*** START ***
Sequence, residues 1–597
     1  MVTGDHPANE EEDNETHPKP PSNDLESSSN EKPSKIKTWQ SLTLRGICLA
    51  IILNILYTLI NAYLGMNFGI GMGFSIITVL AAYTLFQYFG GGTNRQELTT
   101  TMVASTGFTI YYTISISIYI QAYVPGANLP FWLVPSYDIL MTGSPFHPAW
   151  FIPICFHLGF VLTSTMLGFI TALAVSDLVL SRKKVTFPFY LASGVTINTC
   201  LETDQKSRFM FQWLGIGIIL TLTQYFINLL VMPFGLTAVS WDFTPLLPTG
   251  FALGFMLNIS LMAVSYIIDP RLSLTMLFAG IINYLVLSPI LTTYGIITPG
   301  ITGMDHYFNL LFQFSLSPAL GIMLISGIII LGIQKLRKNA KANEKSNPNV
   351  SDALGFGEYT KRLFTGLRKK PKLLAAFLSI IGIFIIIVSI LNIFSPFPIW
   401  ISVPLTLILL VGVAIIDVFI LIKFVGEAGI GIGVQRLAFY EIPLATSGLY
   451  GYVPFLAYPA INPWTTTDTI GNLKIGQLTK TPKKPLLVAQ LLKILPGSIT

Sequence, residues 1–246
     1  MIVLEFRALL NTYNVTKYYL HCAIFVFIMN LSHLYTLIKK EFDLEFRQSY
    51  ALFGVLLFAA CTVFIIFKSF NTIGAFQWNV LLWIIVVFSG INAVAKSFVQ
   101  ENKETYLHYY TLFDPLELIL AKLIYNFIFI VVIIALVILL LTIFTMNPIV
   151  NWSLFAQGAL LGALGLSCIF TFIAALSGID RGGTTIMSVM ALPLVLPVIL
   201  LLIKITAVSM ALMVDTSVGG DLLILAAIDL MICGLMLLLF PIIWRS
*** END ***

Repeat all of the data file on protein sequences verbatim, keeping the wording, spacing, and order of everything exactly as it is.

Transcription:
Sequence, residues 1–597
     1  MVTGDHPANE EEDNETHPKP PSNDLESSSN EKPSKIKTWQ SLTLRGICLA
    51  IILNILYTLI NAYLGMNFGI GMGFSIITVL AAYTLFQYFG GGTNRQELTT
   101  TMVASTGFTI YYTISISIYI QAYVPGANLP FWLVPSYDIL MTGSPFHPAW
   151  FIPICFHLGF VLTSTMLGFI TALAVSDLVL SRKKVTFPFY LASGVTINTC
   201  LETDQKSRFM FQWLGIGIIL TLTQYFINLL VMPFGLTAVS WDFTPLLPTG
   251  FALGFMLNIS LMAVSYIIDP RLSLTMLFAG IINYLVLSPI LTTYGIITPG
   301  ITGMDHYFNL LFQFSLSPAL GIMLISGIII LGIQKLRKNA KANEKSNPNV
   351  SDALGFGEYT KRLFTGLRKK PKLLAAFLSI IGIFIIIVSI LNIFSPFPIW
   401  ISVPLTLILL VGVAIIDVFI LIKFVGEAGI GIGVQRLAFY EIPLATSGLY
   451  GYVPFLAYPA INPWTTTDTI GNLKIGQLTK TPKKPLLVAQ LLKILPGSIT

Sequence, residues 1–246
     1  MIVLEFRALL NTYNVTKYYL HCAIFVFIMN LSHLYTLIKK EFDLEFRQSY
    51  ALFGVLLFAA CTVFIIFKSF NTIGAFQWNV LLWIIVVFSG INAVAKSFVQ
   101  ENKETYLHYY TLFDPLELIL AKLIYNFIFI VVIIALVILL LTIFTMNPIV
   151  NWSLFAQGAL LGALGLSCIF TFIAALSGID RGGTTIMSVM ALPLVLPVIL
   201  LLIKITAVSM ALMVDTSVGG DLLILAAIDL MICGLMLLLF PIIWRS